All Articles Tagged "career change tips"
In every circle of girlfriends, there’s the one who has it together, the one everyone looks up to. She reminds of you Shanté Smith, Vivica A. Fox’s character in Two Can Play That Game. Perhaps that is you. She keeps it together for everyone, doling out valuable advice, providing moral support.
Then you have that one friend, the one who is full of lofty ideas and crazy notions. She’s like Lynn Searcy on “Girlfriends,” always chasing the next big dream. One day she wants to be a teacher. The next day, she wants to become a PR maven and start her own public relations firm. Just as you think she’s found something she can settle into, she tells you she wants to be a chef. Soon, she’s off to something else. Being the loyal friend that you are, you listen to her talk about her grandiose visions. You see the sparkle in her eyes and you share in her excitement initially. You watch as she puts her all into the latest idea, only to watch her interest fizzle. But after she’s gone through a dozen great ideas, you begin to wonder, will she ever get it together? In the middle of one of your conversations, you just want to shake her and say “Get it together, girl!” You don’t know how much more of this you can take. What are you supposed to do?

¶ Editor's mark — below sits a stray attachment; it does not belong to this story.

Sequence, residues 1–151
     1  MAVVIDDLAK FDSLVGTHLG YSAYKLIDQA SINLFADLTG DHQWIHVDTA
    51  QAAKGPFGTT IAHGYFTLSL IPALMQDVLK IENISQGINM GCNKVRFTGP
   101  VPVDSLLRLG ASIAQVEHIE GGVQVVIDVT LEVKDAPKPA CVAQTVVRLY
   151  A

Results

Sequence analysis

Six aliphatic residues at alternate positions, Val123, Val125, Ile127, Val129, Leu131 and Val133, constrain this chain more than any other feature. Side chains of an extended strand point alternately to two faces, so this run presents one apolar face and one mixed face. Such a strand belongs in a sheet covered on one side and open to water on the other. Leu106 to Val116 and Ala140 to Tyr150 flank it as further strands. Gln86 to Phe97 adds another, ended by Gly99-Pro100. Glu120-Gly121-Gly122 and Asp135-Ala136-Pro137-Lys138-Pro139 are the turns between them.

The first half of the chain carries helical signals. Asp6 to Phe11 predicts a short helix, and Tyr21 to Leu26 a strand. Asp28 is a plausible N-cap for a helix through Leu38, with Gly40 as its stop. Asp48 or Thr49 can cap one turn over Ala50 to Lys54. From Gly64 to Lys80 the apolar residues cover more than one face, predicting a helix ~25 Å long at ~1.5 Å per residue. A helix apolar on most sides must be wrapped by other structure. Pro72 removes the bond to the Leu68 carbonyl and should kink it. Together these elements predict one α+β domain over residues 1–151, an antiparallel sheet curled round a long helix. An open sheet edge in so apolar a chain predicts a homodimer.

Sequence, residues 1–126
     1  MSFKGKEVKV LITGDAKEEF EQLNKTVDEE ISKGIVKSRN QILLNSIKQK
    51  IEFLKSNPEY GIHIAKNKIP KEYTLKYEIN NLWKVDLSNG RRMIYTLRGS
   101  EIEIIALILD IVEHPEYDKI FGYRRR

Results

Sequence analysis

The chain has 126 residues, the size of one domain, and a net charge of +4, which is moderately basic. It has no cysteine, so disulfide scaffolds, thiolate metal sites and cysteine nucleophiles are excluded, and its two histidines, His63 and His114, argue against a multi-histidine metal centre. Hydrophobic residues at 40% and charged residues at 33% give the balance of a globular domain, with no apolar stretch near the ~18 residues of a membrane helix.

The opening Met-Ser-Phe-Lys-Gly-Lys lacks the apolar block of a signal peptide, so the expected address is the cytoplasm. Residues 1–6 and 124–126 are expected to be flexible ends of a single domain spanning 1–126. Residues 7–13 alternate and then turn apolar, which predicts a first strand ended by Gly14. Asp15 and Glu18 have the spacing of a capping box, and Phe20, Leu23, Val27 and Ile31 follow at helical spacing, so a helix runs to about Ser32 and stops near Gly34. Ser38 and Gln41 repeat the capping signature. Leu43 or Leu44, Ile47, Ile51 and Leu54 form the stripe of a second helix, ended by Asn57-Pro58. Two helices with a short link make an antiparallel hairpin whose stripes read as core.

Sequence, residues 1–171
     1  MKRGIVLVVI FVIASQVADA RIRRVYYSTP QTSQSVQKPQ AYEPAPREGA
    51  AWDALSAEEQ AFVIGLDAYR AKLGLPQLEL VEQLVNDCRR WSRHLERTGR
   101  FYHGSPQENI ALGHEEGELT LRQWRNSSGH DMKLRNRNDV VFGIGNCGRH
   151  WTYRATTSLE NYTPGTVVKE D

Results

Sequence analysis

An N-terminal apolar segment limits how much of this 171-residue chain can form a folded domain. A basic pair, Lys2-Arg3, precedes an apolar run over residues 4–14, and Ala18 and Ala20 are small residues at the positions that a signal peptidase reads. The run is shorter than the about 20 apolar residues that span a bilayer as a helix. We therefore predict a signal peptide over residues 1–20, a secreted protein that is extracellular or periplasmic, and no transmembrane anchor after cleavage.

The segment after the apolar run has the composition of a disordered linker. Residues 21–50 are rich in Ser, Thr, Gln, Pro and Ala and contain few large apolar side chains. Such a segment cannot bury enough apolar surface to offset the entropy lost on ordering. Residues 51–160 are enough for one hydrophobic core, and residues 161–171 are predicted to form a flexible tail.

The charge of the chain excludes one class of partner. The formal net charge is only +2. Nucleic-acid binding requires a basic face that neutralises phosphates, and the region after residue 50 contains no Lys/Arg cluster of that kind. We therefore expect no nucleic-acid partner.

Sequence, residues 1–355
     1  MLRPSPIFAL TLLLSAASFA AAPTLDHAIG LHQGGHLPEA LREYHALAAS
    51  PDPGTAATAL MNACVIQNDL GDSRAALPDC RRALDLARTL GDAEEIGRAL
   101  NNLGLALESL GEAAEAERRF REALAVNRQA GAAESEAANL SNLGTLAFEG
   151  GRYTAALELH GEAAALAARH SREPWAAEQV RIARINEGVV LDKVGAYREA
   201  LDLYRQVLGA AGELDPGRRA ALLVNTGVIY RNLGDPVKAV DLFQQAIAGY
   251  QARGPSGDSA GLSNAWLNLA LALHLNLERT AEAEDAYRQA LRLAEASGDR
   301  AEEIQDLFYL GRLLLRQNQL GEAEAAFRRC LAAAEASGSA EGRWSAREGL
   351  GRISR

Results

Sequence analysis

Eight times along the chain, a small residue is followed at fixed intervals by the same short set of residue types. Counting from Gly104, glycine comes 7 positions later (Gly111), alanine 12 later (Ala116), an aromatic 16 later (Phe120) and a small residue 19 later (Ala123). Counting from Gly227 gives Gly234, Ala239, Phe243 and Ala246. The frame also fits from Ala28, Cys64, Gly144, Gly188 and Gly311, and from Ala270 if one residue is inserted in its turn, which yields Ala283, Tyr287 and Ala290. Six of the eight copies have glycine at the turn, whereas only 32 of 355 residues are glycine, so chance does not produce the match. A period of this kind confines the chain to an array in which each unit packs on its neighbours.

It would be easy to ignore your friend and all her fickle ideas, but that’s the wrong thing to do. A supportive girlfriend is there for all the ups and downs, ebbs and flows in her friend’s life. She’s there to cheer her on, and to offer encouragement and guidance when needed. So despite all the changes, all of the frustration, as a real friend you have no choice: be there for her.
You don’t have to co-sign every idea, or listen to every idea that spins off on its own tangent. But you know your friend; you know what she’s capable of. You know what she’s good at. Certainly, during some conversation over coffee or at happy hour, she’s bounced a realistic idea off of you. Maybe it was something she mentioned briefly. As a supportive friend, you should steer her in that direction. Help her connect with people and resources that will give her the support she needs to follow through on this one true idea.
The next time your friend starts telling you about her latest outlandish venture, don’t just roll your eyes and nod your head. Stop her and give her a reality check. Don’t crush her. Just help her keep her dreams in perspective. Maybe that idea she has to start a cupcake business would make for a great side hustle eventually. But for now, help her focus on career opportunities that are stable and profitable.
If all else fails, then it’s time to set limits. Tell your friend that you will continue to be there for her, but that you can’t continue on her career roller coaster ride. As harsh as it might sound, setting limits on your friendship will help preserve it. Real friends are there for each other in crisis, so if your girlfriend finds herself in such a situation, you know you will be there for her.
It isn’t impossible to keep your friendship in tact and keep your sanity at the same time. It’s just a matter of setting limits and expectations. But at a time when your friend seems the most vulnerable and confused about her future (or his), I wouldn’t recommend bailing on them now. Remind them of their passions, the things they are truly good at to help them get off on the right foot, but when all else fails, an attentive ear and some understanding always helps.